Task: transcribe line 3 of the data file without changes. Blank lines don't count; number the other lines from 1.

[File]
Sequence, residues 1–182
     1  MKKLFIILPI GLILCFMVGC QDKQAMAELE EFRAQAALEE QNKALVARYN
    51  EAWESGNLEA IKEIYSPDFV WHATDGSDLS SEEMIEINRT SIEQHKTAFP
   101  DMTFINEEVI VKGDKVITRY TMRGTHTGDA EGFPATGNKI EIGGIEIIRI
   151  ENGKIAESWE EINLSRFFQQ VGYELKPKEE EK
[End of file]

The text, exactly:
    51  EAWESGNLEA IKEIYSPDFV WHATDGSDLS SEEMIEINRT SIEQHKTAFP